Starting a conversation about emotional health & well-being

Kids Help Phone shares tips for caring adults and talking to young people about emotional health and well-being.

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Starting a conversation about emotional health & well-being

Youth can be a tumultuous time full of change, insecurity and uncertainty. It can easily be overwhelming, which is why we need to be aware of the emotional health and well-being of the young people in our lives.

Things you can do starting now

  • Reflect that you value and accept the young person for who they are. Don’t assume that they already know it or don’t need to hear it again.
  • Communicate with the young person. Encourage them to talk about what’s happening in their life — both the good and the bad — while respecting that they may not want to disclose everything. Young people can keep secrets from their parents/caregivers for many reasons, but if a foundation of trust and understanding is in place, they’ll be more likely to reach out when they need help.
  • Make an effort to really listen and hear what the young person is telling you. Reflect that you “get it” when you do, and ask for clarification when you don’t. Show them that you want to understand them.
  • Let the young person know that you’re a person they can talk to. Explicitly tell them that you’re open to talking about the tough stuff. Let them know that you don’t want them to have to deal with things on their own and that you’re willing to help them find solutions.
  • Model appropriate and healthy emotional responses and relationships with others. For example, everyone gets frustrated in conversations from time to time. It’s important to recognize that when things get heated, it’s time to take a break from the discussion to cool off.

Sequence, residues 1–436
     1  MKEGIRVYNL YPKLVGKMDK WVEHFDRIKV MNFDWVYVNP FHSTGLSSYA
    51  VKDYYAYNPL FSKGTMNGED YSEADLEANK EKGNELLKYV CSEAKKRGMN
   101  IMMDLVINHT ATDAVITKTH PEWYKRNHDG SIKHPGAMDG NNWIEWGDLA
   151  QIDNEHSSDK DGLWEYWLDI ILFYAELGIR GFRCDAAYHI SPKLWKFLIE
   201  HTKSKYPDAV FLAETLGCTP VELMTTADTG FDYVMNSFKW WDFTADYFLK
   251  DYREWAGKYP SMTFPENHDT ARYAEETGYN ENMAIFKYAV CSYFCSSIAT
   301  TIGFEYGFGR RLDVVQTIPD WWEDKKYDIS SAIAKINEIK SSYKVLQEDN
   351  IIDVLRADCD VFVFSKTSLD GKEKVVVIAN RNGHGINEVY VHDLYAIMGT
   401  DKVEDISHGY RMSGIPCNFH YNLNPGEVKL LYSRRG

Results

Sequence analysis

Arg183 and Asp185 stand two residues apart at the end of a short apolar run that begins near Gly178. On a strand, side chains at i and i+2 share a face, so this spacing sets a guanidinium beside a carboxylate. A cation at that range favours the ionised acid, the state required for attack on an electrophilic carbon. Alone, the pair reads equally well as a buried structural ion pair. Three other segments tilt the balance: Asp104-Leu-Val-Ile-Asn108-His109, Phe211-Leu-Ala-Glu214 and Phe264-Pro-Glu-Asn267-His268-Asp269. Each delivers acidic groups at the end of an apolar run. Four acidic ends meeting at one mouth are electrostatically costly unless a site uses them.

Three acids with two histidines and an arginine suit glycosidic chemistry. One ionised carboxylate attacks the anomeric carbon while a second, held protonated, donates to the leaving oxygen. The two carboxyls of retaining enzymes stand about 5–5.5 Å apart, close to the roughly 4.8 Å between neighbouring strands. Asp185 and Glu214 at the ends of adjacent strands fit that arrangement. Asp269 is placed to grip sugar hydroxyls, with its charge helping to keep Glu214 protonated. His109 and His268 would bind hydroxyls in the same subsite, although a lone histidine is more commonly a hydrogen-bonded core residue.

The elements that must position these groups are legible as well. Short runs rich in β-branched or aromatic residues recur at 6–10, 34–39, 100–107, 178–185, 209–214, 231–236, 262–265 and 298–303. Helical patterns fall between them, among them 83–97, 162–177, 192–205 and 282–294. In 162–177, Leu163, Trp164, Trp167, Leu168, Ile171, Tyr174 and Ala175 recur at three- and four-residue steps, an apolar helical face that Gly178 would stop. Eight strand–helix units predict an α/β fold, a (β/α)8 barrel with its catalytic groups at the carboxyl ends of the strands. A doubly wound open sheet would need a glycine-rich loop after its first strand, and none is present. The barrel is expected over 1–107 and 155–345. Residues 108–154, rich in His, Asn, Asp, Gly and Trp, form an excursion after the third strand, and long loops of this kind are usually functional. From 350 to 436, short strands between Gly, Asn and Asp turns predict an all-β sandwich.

• Be open to using different methods for communication. Some young people may find it really difficult to talk in person, and are more comfortable with an email, text or written note. Ask the young person what works best for them and try to work with it.
  • Avoid involving the young person in adult problems. For example: relationship issues, financial struggles, employment challenges, etc.
  • Work on your own mental health literacy. Learn more about emotional health, mental disorders and wellness from reliable online resources or by talking to a doctor, social worker or other mental health professional who has knowledge they can share with you.
  • Reflect on your own views of mental health. Pay attention to the way you react to stories of people who experience mental health challenges. Be mindful of how you talk about and react to stories in the media surrounding mental disorders.

You can find mental health and wellness services for the young people in your life by visiting Resources Around Me. It’s the largest database of youth-serving programs and services in Canada, and is available in English and French.

Help is out there

If you know a young person who’s struggling with a problem, big or small, you can encourage them to contact Kids Help Phone for support. We’re available 24/7/365.


 

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